3. Results and Discussion

3.1 Acidity and hydroxyl values of liquefied wood

The hydroxyl value of liquefied wood is one of the important factors in the preparation of epoxy resin. Table 2 shows the acidity and hydroxyl value of liquefaction. As can be seen, the acidity value of liquefied wood of DM (9.2 mg KOH.g-1) is higher than that of OM (8.8 mg KOH.g-1) and the hydroxyl number of liquefied wood of DM (327 mg KOH.g-1) is lower than that of OM (690 mg KOH.g-1). According to Chen et al. [12]. added wheat straw played a role in decreasing the peak value of hydroxyl number through degradation reaction. Considering the data of residue as shown in Figure 2 [8], the result in this study is corresponded each other. In other words, the acidity value of samples increased and the hydroxyl number decreased when wood was decayed because decay can be pre-treatment of liquefaction. This study indicated that acidic substances can be produced by the thermal oxidation of carbohydrates and lignin during the liquefaction of lignocellulosic materials. Likewise, in this study the increase in acidity numbers also indicate the generation of acidic substances during liquefaction. The reduction of hydroxyl number was thought to be caused either by dehydration reactions between liquefied products and polyhydric alcohols or by thermal oxidation that may also occur during liquefaction.

Table 2. The results of acidity and hydroxyl values of the liquefied wood

PEG 400-glycerin mixture: 9/1, liquid ratio: 6/1, catalyst concentration: 10 % and reaction time: 300 min

 

Item

Acidity value

Hydroxyl value

Material

 

(mgKOH/g)

(mgKOH/g)

original woody material

11.2

692.5

decayed woody sample

9.2

527.3

Figure 2. Reaction of the residue of liquefaction in the woody samples; comparison between decayed woody material from mushroom cultivation and original woody material at 140℃ [8]

3.2 Synthesis of the liquefied wood-based epoxy resins

The synthesis of wood-based epoxy resin is very similar to the general synthesis method for commercially available epoxy resin [10, 11]. The mechanism of that is shown in the Figure 3. It is well known that the peak of 910 cm-1 in spectra shows vibration of the epoxy groups, which indicates the wood-based resin possesses epoxy functionality [13]. The liquefied wood-based epoxy resin was clipped thinly by potassium bromide plate and set the pellet in Fourrier-transform infrared spectrosaopy (FTIR)(JASCO Co. Ltd., Japan), and we obtained both epoxy resin based on DM and OM have the peak of 910 cm-1 in spectra as illustrated in Figure 4. This may reveal even DM can be the resource of epoxy resin.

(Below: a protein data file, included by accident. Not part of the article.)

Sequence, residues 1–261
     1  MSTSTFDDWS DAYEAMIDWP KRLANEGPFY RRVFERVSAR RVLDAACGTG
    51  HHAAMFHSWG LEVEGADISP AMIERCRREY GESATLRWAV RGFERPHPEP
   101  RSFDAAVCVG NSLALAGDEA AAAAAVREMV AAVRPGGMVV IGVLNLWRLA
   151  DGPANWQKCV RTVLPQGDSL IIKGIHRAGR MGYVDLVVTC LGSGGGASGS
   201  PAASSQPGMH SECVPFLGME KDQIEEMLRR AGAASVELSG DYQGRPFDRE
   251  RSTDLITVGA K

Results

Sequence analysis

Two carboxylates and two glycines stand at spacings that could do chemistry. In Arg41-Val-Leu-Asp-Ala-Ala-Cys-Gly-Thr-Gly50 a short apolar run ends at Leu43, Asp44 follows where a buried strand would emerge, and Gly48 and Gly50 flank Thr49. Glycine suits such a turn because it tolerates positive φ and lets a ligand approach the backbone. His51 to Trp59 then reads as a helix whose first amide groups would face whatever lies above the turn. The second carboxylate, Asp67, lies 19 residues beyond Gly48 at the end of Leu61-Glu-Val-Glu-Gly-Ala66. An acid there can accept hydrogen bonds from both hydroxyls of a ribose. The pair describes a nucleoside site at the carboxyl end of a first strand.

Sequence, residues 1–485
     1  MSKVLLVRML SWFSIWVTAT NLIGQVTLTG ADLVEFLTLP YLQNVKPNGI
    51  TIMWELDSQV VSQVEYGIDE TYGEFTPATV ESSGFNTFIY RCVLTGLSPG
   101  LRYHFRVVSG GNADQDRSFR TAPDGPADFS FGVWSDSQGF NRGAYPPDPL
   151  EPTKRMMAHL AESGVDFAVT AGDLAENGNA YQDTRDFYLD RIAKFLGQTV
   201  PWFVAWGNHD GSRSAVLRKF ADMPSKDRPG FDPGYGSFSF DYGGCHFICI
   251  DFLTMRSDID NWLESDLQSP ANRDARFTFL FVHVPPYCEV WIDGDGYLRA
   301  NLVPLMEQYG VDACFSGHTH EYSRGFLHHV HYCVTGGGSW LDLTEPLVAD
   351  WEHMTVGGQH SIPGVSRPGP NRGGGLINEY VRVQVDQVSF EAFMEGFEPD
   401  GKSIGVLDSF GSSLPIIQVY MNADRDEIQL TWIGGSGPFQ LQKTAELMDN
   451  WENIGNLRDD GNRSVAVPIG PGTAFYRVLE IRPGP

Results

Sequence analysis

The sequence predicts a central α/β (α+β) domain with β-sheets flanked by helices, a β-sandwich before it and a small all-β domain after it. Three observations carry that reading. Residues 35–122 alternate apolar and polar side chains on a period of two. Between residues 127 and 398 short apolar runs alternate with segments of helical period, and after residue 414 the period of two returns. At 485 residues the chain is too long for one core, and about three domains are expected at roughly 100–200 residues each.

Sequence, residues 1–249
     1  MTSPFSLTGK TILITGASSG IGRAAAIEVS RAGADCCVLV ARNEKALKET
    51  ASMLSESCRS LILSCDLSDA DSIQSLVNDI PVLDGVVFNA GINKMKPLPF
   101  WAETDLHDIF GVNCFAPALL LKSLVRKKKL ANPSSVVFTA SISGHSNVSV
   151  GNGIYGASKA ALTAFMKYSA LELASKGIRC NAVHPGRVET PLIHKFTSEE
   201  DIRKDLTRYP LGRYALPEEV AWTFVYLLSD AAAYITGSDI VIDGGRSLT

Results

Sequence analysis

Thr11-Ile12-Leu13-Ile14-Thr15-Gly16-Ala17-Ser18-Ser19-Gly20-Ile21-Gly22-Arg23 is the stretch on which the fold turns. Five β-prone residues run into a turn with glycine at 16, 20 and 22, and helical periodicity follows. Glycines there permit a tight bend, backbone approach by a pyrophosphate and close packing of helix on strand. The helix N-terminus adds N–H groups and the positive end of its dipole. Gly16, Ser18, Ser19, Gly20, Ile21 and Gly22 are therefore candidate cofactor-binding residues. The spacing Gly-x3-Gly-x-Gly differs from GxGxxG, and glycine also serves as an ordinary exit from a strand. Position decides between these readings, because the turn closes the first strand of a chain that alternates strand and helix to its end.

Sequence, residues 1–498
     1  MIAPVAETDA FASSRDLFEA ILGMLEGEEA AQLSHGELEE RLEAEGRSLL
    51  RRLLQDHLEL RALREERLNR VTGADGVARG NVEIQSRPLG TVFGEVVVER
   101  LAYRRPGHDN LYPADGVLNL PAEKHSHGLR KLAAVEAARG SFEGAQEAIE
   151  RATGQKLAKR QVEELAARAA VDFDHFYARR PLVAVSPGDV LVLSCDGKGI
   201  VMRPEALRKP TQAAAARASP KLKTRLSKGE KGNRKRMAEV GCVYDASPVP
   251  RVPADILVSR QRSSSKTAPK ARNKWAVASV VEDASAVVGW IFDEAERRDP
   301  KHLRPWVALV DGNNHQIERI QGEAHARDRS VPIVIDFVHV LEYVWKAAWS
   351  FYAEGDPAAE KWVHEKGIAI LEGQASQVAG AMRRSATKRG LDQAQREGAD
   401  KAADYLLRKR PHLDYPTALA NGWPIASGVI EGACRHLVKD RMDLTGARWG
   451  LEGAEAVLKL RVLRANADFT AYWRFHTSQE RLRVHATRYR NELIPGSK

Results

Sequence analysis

Figure 3. Reaction routes for glycidyl etherification (epoxidation) of alcoholic OH groups using NaOH and TBAHS

Figure 4. The FT-IR spectra of liquefied wood-based epoxy resins

3.3 Viscosity of the liquefied woods and the liquefied wood-based epoxy resins

Viscosity is one of the important indexes for determining the application of epoxy resin. Both liquefied woods and epoxy resins were dried in room temperature using desiccator to eliminate extra moisture. As shown in Figure 5, viscosity of Liquefed wood of DM and OD is almost the same. However, in regards to viscosity of epoxy resin, DW is barely higher than OD. Data presented in previous investigation [14] using various rate of wood material indicated that increased wood content resulted in markedly higher viscosity of liquefied woods. The reason is the increase in the amount of liquefied woods fragments having partially degraded wood components. It means DW is somewhat easy to decompose and more extent larger amount of liquefied woods fragments is dissolved. High viscosity epoxy resins exhibit traits such as temperature resistance; both low and high, good chemical resistance, and great adhesion to a variety of substrates such as plastics, wood, and composites. They are often used for castings or molds as well as in the manufacturing of water skis and snowboards [15]. So, the feature that epoxy resin made from DW is liquid in room temperature and have higher viscosity means that DW is superior for material of epoxy resin.

Figure 5. The results of viscosity of the liquefied wood and the liquefied wood-based epoxy resins

Epoxy resins have considerably lower viscosity than liquefied wood, which is came from used reagents such as epichlorohydrin in the manufacturing process.

3.4 Thermal stability of the epoxy resins based on liquefied wood